Digital humanities


Maintained by: David J. Birnbaum (djbpitt@gmail.com) [Creative Commons BY-NC-SA 3.0 Unported License] Last modified: 2016-03-02T22:30:11+0000


Attribute value templates (AVT)

When you might want to use attribute value templates

Attribute value templates (AVTs) are a strategy for inserting the value of XPath expressions into the attribute value of created content. Two typical situations where AVTs are useful are:

How AVTs work

A bit of background: When we create output HTML elements during an XSLT transformation by just typing the raw HTML tags into the stylesheet, we are creating what are called literal result elements (LREs). As the name implies, when you want to have the element markup (the tags) inserted literally into the output result, you just type it in the appropriate place in your stylesheet and it gets created in the output tree. For example, in the following template rule:

<xsl:template match="paragraph">
    <p>
        <xsl:apply-templates/>
    </p>
</xsl:template>

the <p> that is being constructed is an LRE because it is being specified literally inside the template rule. An LRE may contains attributes, so if you want to give your paragraph a particular attribute value, you can create that value literally, as well, using code like the following (the attribute and its value are highlighted):

<xsl:template match="paragraph">
    <p class="interesting">
        <xsl:apply-templates/>
    </p>
</xsl:template>

The preceding template rule will take any <paragraph> element in the input document, create a corresponding <p> element in the output, associate a @class attribute with the value “interesting” with the <p> element, and process the children of the original paragraph, inserting the content they generate inside the newly created <p> element.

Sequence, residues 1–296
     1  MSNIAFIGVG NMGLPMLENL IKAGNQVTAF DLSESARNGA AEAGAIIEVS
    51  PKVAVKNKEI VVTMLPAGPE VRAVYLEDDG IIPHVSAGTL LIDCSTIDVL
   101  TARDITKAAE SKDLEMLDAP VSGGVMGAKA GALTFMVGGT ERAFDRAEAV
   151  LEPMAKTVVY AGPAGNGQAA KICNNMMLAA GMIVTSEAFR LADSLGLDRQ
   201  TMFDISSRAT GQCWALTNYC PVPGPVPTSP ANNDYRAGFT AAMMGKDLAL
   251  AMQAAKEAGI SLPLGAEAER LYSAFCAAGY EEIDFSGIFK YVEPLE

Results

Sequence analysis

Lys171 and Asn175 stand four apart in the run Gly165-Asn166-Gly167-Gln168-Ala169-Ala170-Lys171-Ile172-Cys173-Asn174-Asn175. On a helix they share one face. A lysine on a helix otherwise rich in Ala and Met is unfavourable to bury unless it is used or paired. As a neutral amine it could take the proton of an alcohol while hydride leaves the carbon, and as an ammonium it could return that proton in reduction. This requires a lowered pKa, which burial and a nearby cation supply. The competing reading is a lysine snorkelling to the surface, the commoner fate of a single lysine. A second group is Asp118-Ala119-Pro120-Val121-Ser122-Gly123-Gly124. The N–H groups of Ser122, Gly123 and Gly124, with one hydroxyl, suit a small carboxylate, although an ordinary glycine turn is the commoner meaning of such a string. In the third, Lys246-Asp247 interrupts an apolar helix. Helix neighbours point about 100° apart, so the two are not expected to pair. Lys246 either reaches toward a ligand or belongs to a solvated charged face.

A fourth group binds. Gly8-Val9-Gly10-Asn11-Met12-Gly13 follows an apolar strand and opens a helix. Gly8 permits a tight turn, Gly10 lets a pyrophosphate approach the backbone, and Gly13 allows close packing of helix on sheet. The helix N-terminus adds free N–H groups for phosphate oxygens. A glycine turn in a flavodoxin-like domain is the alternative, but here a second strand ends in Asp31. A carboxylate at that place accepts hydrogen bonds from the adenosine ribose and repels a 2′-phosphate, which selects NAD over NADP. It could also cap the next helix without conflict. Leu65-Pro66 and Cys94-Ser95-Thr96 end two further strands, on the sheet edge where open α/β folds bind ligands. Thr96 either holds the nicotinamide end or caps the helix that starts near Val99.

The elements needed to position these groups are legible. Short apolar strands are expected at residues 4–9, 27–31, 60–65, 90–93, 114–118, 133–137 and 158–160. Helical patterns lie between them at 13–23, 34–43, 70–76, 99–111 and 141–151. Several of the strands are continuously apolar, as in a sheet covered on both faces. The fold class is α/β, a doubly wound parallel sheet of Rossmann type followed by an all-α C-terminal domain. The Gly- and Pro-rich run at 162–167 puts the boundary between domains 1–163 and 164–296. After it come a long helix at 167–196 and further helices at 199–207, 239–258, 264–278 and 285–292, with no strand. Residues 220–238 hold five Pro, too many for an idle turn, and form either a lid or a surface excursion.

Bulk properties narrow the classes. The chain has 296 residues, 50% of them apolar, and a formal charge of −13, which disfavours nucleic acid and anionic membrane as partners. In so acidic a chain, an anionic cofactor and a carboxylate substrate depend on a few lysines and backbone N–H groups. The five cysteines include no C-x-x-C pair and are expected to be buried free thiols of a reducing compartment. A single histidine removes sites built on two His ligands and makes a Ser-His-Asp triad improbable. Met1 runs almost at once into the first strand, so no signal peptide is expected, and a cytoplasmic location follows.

In the immediately preceding example, where we are labeling all paragraphs as “interesting”, specifying that label as part of the LRE is all we need. In the two situations described earlier, however, TOC and footnotes, we don’t want every element to have the same attribute value, so can’t just write the attribute value directly into the LRE, as we did with the uniform class="interesting" example. In the TOC, we want each chapter title to point to a different part of the document with a unique identifier, and in the footnote example we want each footnote to have a unique number, and the associated link to have a unique value. An AVT lets us construct these attribute values on the fly, adapting the value to the situation for each affected node.

Using an AVT to link from a TOC into the body (and back)